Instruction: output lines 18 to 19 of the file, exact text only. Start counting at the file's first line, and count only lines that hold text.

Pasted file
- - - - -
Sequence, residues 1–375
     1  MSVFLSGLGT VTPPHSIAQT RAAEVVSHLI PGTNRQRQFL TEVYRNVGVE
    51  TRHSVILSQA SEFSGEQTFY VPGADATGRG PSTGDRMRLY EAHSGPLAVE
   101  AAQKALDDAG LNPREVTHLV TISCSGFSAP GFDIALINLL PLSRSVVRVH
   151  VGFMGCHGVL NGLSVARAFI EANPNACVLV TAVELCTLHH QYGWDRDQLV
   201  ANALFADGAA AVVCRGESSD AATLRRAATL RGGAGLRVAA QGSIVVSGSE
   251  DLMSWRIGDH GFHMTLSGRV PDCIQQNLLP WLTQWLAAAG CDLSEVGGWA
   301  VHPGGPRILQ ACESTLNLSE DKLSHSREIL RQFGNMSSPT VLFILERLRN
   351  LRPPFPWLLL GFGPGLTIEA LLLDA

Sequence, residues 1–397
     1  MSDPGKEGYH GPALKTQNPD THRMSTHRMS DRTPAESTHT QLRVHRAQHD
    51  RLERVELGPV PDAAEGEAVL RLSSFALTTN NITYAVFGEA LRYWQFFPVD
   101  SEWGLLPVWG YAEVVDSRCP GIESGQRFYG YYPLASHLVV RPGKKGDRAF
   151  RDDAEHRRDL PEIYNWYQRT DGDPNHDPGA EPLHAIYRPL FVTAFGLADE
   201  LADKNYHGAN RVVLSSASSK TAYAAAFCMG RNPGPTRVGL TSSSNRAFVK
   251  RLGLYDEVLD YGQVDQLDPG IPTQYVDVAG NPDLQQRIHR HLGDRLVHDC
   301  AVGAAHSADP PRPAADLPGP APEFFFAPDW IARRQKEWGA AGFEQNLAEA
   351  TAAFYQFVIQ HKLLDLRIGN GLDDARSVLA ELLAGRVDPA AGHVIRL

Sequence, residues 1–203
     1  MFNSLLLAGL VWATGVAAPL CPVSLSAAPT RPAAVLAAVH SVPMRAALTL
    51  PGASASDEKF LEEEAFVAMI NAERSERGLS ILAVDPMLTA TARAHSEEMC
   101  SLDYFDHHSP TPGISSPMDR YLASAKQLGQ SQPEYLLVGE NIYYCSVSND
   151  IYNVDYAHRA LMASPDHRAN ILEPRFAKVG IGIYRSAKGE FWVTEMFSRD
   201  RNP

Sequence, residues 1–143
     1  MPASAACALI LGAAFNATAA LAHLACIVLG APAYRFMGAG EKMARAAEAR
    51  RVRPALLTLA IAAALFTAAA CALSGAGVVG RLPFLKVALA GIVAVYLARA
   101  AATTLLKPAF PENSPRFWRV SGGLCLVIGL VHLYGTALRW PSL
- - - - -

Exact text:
   351  TAAFYQFVIQ HKLLDLRIGN GLDDARSVLA ELLAGRVDPA AGHVIRL

Sequence, residues 1–203